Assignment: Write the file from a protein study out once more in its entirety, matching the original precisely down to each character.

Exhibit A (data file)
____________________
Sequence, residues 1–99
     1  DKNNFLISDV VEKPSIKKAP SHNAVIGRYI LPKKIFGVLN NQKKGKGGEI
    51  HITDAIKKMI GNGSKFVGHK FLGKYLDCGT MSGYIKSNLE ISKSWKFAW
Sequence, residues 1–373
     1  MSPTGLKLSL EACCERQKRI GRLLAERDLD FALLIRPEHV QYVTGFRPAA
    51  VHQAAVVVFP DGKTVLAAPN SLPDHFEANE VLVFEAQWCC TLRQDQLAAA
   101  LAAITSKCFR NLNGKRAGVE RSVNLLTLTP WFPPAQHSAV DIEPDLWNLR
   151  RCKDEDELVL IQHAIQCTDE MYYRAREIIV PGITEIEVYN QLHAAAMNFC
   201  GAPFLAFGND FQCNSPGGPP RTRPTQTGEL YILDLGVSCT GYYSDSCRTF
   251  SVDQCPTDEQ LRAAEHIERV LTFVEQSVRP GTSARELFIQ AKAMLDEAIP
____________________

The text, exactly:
Sequence, residues 1–99
     1  DKNNFLISDV VEKPSIKKAP SHNAVIGRYI LPKKIFGVLN NQKKGKGGEI
    51  HITDAIKKMI GNGSKFVGHK FLGKYLDCGT MSGYIKSNLE ISKSWKFAW
Sequence, residues 1–373
     1  MSPTGLKLSL EACCERQKRI GRLLAERDLD FALLIRPEHV QYVTGFRPAA
    51  VHQAAVVVFP DGKTVLAAPN SLPDHFEANE VLVFEAQWCC TLRQDQLAAA
   101  LAAITSKCFR NLNGKRAGVE RSVNLLTLTP WFPPAQHSAV DIEPDLWNLR
   151  RCKDEDELVL IQHAIQCTDE MYYRAREIIV PGITEIEVYN QLHAAAMNFC
   201  GAPFLAFGND FQCNSPGGPP RTRPTQTGEL YILDLGVSCT GYYSDSCRTF
   251  SVDQCPTDEQ LRAAEHIERV LTFVEQSVRP GTSARELFIQ AKAMLDEAIP